(fa fede solo il testo effettivamente pronunciato)
To have a clear overview on the Syria crisis but also to fully understand obstacles and difficulties encountered by the International Community in finding a way out to a three years long conflict, there is a basic premise to take into consideration. In Syria, as well as in some other countries of the region, we are in front of some huge dynamics causing a profound shift in power balances within the Arab world. And it’s not only a matter of secular vs. fundamental religious forces, but of a double rupture. First within the Sunni family, and then between the Sunni and Shia. All this is having a dramatic impact on Syria and fuelling the tensions between the Shia and Sunni galaxies. It is a “battle” with no clear-cut frontlines because, for example, some countries which were (and are) divided on Egypt are joint together in supporting the Syrian opposition. It is a “battle” being fought on the diplomatic, propaganda/media fronts. It relies on a massive financial leverage which outweighs Europe’s one. Possibly America’s one. In few words, in Syria some major regional actors are playing their proxy war aimed at influencing the tide of the war. In a nutshell: in the Middle East we are still in the full of dramatic changes and the Syrian war the clearest evidence of this geopolitical clash.
These considerations on the regional nature of the Syrian conflict should not be an extenuating factor for the international community nor justify further delays in finding a credible way out. On the contrary, being Syria’s a proxy war we should encourage positive and responsible engagement of all regional players into the process, including countries that were not represented in Montreux meeting and which should be called upon to contribute constructively to the solution of the crisis. Iran’s involvement, at one given time will have to be taken into account. Tehran has to play a positive role starting from its acceptance of the basic parameters of the negotiating process (the Geneva communiqué)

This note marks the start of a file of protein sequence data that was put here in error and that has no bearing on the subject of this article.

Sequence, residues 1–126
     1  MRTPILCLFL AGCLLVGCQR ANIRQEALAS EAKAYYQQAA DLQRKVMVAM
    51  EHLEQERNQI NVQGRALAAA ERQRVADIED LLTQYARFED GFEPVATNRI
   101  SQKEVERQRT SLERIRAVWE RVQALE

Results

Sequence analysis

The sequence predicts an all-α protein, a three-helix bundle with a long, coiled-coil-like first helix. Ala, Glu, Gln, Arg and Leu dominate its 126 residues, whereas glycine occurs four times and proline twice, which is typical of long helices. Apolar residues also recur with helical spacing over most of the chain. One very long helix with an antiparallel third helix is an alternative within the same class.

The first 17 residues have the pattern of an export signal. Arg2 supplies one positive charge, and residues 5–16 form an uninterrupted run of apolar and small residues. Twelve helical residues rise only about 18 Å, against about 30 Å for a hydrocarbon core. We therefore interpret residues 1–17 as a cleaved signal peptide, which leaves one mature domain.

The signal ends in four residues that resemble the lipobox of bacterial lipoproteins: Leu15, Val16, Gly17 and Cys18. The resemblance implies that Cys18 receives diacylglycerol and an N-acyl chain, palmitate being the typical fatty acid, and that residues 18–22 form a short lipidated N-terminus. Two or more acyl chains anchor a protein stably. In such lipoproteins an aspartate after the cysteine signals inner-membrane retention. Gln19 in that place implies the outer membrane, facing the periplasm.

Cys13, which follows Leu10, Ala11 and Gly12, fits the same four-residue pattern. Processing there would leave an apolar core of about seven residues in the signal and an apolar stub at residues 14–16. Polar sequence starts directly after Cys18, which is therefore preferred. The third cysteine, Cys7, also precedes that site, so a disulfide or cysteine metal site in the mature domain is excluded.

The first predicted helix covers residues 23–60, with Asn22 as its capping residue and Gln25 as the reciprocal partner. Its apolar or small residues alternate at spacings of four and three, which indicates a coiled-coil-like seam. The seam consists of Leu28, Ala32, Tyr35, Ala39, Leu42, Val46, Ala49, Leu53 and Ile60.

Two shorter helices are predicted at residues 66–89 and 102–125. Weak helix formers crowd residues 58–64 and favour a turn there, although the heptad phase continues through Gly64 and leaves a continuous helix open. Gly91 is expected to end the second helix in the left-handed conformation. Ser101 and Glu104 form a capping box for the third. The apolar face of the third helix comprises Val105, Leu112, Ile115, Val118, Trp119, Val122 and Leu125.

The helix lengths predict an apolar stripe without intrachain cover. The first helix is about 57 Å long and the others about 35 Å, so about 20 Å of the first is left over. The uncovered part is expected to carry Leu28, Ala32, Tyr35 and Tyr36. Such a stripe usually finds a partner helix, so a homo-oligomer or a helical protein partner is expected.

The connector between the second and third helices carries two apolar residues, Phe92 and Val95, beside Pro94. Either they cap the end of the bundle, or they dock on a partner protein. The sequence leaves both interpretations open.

Despite difficulties encountered, the convening of the Montreux conference and the intra Syrian negotiations in Geneva are an important step in view of a political solution to the Syrian conflict, to which there is no alternative.
We should not underestimate those achievements as they were not taken for granted. The Opposition Coalition faces strong resistance from within its camp, with some important groups still reluctant to buy in the process. On the other side, the regime does not accept – so far- the Geneva communiqué as the basis of negotiations.
The Geneva communiqué is the only credible toolbox at Syria’s disposal to keep the country undivided, to preserve the State apparatus and to let the democratic transition begin. Such process has to be guided by the core principle that a transitional governing body with full executive powers is the only way to achieve a political solution to the conflict. Indeed Montreux is only a starting point. The first step of a difficult journey. The trend towards Syria’s fragmentation is far from being inverted. We should provide our steady support to the parties so as to keep negotiations going under the UN lead in view of concrete gains.
As negotiations move on, we ought to be patient and resolute at the same time.